Network F-Acc
Q-Acc
(Activation)
Q-Acc
(Weights)
Q-Acc
(Both)
MobileNetV1 [20] 70.558 70.48 70.394 70.418
MobileNetV2 [43] 71.812 71.616 71.668 71.46
NasnetMobile [53] 74.376 74.068 74.352 73.888
VGG16 [44] 70.956 70.834 70.946 70.81
InceptionV3 [46] 77.908 77.872 77.844 77.85
InceptionResNetV2 [45] 80.284 80.154 80.32 80.14
ResNet50 [18] 75.106 75.072 75.06 75.018
EfficientNet-B0 [47] 77.2 74.3 77.012 74.216
EfficientNet-B0 ReLU 77.65 77.1 77.568 77.092
DenseNet-121 [22] 74.848 73.252 74.784 73.356
Xception [9] 79.05 79.048 79.062 78.972
Table 6: ImageNet classification [10] accuracy with HPTQ in four cases: full floating-point, activation quantization, weight quantization and both activation and weight quantization.

Activation Quantization Analysis.

In this analysis we evaluate the influence of the different methods used for quantizing the activations (without quantizing the weights). The analysis is performed with eleven different network architectures555EfficientNet-B0 ReLU is a trained version of EfficientNet-B0 with ReLU activation function instead of swish666 https://keras.io/api/applications/ on the ImageNet classification [10] task. Table 7 shows an accuracy comparison using four different threshold selection methods without applying any other of the activation quantization steps. NC indicates using the no-clipping threshold. Mean Square Error (MSE), Mean Average Error (MAE) and Kullback–Leibler (KL) are three different error measurements in Equation 6.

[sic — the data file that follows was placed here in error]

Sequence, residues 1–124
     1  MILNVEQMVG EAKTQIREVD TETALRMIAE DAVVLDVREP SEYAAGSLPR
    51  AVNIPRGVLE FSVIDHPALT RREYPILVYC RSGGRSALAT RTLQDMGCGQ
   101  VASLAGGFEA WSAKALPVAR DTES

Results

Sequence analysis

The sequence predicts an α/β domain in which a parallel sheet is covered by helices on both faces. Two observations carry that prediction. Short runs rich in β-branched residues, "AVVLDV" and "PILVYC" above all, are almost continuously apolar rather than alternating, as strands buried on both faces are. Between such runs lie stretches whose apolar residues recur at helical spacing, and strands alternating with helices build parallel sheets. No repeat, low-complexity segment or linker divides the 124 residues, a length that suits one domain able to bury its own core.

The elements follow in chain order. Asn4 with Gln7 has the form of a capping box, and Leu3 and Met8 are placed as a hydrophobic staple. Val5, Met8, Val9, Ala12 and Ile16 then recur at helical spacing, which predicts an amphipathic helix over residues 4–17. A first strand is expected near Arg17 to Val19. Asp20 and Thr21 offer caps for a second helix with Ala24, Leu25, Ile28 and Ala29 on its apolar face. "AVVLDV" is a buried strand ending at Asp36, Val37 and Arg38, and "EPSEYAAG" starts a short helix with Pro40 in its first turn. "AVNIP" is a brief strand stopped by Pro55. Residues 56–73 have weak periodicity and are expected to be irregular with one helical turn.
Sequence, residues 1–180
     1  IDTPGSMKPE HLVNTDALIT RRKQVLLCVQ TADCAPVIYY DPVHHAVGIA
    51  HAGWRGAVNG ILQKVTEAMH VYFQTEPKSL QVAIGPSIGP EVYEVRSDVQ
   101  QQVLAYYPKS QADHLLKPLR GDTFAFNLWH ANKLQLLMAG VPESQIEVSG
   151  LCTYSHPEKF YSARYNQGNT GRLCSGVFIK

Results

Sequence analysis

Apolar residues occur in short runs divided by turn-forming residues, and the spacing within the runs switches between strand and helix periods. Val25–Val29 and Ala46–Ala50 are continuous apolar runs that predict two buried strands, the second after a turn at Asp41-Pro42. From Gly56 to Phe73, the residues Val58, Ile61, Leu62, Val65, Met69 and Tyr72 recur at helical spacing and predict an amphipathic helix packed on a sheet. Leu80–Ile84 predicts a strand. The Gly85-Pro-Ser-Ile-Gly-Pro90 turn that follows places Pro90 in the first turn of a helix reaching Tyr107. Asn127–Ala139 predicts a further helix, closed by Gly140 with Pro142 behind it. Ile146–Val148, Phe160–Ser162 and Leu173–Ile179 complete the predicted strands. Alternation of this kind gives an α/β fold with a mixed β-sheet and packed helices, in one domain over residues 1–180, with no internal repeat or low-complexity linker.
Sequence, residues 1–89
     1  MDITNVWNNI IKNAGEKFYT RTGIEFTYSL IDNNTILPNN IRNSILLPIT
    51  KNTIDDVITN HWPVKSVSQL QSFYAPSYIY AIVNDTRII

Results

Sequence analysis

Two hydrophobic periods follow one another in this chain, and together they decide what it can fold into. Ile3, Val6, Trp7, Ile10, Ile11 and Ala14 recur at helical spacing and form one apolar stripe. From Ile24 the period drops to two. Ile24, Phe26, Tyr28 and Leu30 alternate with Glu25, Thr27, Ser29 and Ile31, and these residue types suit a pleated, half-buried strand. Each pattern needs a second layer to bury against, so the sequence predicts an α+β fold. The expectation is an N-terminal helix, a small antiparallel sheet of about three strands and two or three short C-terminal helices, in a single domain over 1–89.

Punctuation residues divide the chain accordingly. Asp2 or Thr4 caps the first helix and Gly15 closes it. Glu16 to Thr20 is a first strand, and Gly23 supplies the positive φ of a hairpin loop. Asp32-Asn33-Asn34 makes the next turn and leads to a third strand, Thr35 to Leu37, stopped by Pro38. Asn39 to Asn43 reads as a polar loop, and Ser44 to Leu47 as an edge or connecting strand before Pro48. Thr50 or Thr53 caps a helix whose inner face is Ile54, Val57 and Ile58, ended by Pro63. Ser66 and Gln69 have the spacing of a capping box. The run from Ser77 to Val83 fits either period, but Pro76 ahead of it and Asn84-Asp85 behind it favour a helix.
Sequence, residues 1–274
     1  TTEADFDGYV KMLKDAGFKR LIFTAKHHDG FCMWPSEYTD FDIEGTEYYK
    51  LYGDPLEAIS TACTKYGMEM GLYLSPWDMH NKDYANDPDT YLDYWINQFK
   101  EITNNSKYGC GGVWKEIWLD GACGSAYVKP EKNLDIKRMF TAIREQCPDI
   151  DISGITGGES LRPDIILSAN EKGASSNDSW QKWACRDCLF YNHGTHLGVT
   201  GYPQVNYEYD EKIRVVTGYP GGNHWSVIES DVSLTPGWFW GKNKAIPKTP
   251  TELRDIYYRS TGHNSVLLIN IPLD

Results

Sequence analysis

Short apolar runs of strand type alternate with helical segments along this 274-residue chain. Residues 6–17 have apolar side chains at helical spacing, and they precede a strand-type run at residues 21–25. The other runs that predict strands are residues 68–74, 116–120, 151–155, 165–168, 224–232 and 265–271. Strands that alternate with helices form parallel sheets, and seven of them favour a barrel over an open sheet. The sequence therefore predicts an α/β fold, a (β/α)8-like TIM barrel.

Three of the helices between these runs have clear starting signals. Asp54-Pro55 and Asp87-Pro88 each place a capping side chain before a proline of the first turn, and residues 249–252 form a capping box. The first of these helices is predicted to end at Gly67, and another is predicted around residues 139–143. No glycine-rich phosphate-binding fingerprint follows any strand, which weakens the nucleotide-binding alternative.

Network NC MSE MAE KL
MobileNetV1 [20] 70.406 70.434 60.218 70.418
MobileNetV2 [43] 71.25 71.458 65.918 71.482
VGG16 [44] 70.8 70.764 58.37 65.096
ResNet50 [18] 74.612 74.996 67.896 59.556
Table 7: ImageNet classification [10] accuracy with activations quantized using different threshold selection methods (weights are in floating point).

Table 8 shows the incremental accuracy influence on ImageNet classification [10] of the methods used by HPTQ for activation quantization (without quantizing weights). Note that SNC is applied in all of the experiments in the table and its influence is studied separately below. The table shows that all of the methods result in an improvement. Note that fine-tuning the z-score threshold per network may lead to further improvement.

Network Name Baseline +Eq. +MSE Th. +z-score
MobileNetV1 [20] 70.406 70.418 70.48 70.48
MobileNetV2 [43] 71.25 71.34 71.528 71.616
NasnetMobile [53] 18.572 18.484 73.486 74.068
VGG16 [44] 70.8 70.696 70.888 70.834
InceptionV3 [46] 77.658 77.646 77.832 77.872
InceptionResNetV2 [45] 49.132 49.238 80.014 80.154
ResNet50 [18] 74.612 74.654 75.086 75.072
EfficientNet-B0 [47] 13.562 13.736 74.096 74.3
EfficientNet-B0 ReLU 74.298 76.298 76.956 77.1
DenseNet-121 [22] 56.08 55.916 73.28 73.252
Xception [9] 48.718 48.784 78.87 79.048
Table 8: The accuracy influence of the different activation quantization methods used by HPTQ for ImageNet classification [10] when keeping all weights in floating point. Baseline is quantization with no-clipping thresholds, +Eq. means adding max channel equalization, +MSE Th. means replacing the no-clipping thresholds with MSE and +z-score means applying z-score outlier removal.

Table 9 shows the accuracy improvement achieved by applying Shift Negative Correction (SNC). Specifically, the table compares the performance of several versions of MobileNetV1, each with different non-linear functions, with a full flow of activation quantization.